In chapter 4, Gorfkle argues that the novel's copious word play is a manifestation of dialogical discourse, by which multiple meanings or “voices” emerge as the sign is fractured and destabilized. Particularly suggestive is the concept of “false anticipation,” the comic surprise that results when the listener's linguistic expectations are not met. Although her classification of “sound” and “sense” play effectively elucidates many facets of Cervantes's verbal humor, Gorfkle tends to minimize what was new about his comic style —the euphemistic irony that so captivated eighteenth-century writers such as Henry Fielding, or the characters' capacity to play with and in another's linguistic world.
     The following two chapters treat the comic dimensions of rhetoric in the novel. Although Anthony Close has previously demonstrated the humor in Don Quixote's fractured syllogisms, Gorfkle's deconstructive approach here asks us

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to consider that the target of his specious logic is not simply the foolish knight himself, but the validity of an unexamined connection between truth and rhetoric. Furthermore, she shows that comic argumentation is a pervasive technique in the Quixote. A number of characters —the priest, Don Diego de Miranda, Vivaldo and Sancho— distort, manipulate and misuse logical arguments. Sancho's habit of stringing related but ultimately inconsistent proverbs together serves to undermine the truth claims of popular as well as ancient structures of authority. Similarly, if Close had pointed out Don Quixote's comic ineptitude in adapting his discourse to his audience, Gorfkle argues that the reader / speaker relationship is inherently unstable, since no speaker can control the vital desires of his or her listeners. Thus, she concludes, the failure to which rhetorical argument is prone underscores “the limitations of rational method as a means to achieve knowledge” (168). Although not all readers will accept that the characters' rhetorical incompetence constitutes an endorsement for such sweeping epistemological claims, Gorfkle does reveal a much broader range of rhetorical play in the novel than previously recognized.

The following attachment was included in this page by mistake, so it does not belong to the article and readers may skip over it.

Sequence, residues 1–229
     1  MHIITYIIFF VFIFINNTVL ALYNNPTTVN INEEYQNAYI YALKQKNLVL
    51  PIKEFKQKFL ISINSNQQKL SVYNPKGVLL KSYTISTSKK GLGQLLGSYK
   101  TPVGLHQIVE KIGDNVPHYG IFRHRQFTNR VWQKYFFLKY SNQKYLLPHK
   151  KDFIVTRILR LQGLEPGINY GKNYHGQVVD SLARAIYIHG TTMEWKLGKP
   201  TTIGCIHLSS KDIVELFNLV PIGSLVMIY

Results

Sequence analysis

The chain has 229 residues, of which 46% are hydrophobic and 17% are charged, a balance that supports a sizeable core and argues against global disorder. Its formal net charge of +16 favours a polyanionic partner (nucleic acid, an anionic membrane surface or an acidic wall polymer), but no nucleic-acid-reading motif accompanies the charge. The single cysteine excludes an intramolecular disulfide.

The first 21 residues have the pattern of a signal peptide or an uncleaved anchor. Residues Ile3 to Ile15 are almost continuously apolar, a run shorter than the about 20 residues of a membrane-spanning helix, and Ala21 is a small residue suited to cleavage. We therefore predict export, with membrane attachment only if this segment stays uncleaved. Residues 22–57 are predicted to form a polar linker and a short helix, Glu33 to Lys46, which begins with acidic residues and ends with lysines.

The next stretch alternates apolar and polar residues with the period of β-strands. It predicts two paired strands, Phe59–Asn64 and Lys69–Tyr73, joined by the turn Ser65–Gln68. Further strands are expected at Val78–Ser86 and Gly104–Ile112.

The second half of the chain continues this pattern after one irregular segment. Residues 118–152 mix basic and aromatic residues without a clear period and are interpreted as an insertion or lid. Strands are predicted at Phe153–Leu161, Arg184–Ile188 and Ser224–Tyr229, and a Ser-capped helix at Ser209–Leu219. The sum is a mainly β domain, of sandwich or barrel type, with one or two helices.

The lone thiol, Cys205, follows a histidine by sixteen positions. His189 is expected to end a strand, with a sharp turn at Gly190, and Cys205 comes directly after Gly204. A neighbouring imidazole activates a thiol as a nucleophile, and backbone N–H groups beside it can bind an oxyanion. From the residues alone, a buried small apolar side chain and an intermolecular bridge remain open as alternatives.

In the epilogue Gorfkle addresses the crucial issue of whether the comic is ultimately conservative. She argues that unlike comic ritual, the contestatory power of the comic literary text extends beyond its destructive genesis and escapes ideological containment. The polyphonic novel “educates not by moralizing but by inference, by setting up equations that cannot always be solved with one right answer” (212). Although the comic deconstructs the stability of knowledge systems, it impels the reader toward “productive heterogeneity” rather than philosophical paralysis.
     In sum, Gorfkle's study provides a thorough and provocative application of Bakhtin's theories to the Quixote, integrating these with the contributions of traditional stylistic and rhetorical studies. She thus succeeds in recovering the unfamiliar idiom of carnival's destructive humor, and in freeing the ethics of comedy from the question of identification with the hero. The challenge that remains for readers is to be receptive to what Nabokov called the novel's “hideous cruelty,” without losing sight of the humanistic pietas that occasionally surfaces amidst carnival's mockery.

Alison Weber
University of Virginia

Prepared with the help of Sue Dirrim
Fred Jehle Publications of the CSA HCervantes